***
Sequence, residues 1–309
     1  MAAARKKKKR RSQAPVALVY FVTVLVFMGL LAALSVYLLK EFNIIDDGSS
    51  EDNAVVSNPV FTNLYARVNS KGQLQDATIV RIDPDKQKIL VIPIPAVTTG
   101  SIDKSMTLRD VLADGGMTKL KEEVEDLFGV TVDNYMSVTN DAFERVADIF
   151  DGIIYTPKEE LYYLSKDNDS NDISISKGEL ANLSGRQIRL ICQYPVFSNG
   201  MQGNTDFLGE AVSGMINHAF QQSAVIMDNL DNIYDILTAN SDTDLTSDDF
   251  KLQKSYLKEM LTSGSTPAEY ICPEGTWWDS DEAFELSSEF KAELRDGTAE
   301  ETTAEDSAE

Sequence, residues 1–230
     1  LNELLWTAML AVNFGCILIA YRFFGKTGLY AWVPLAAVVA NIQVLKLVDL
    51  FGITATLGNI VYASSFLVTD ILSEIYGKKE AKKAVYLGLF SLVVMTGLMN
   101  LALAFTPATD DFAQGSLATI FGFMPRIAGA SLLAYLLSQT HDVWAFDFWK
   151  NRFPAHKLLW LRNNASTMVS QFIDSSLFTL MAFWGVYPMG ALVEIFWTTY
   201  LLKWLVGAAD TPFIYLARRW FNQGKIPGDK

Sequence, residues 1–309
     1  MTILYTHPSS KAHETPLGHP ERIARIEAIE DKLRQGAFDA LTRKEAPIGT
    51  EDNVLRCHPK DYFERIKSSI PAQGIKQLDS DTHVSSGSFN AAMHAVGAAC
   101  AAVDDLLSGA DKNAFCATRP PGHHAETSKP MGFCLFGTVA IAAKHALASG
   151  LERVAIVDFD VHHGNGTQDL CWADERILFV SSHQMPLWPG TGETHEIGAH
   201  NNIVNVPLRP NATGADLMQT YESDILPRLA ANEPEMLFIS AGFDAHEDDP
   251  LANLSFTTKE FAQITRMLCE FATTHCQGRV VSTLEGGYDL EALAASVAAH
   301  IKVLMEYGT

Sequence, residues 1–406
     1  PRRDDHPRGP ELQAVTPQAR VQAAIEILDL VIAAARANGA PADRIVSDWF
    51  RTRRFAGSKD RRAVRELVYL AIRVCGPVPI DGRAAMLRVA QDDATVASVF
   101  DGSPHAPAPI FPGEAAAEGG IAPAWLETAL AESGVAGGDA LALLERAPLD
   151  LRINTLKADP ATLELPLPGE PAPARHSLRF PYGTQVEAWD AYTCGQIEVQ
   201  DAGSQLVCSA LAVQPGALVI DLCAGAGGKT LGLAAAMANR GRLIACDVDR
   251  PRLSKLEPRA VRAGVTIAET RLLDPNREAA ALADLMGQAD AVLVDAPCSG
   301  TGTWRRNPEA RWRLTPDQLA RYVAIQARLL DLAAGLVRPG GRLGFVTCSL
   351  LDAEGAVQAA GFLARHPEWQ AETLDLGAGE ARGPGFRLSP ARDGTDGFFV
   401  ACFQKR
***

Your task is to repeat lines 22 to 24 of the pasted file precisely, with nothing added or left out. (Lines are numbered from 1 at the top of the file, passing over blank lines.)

   301  IKVLMEYGT

Sequence, residues 1–406
     1  PRRDDHPRGP ELQAVTPQAR VQAAIEILDL VIAAARANGA PADRIVSDWF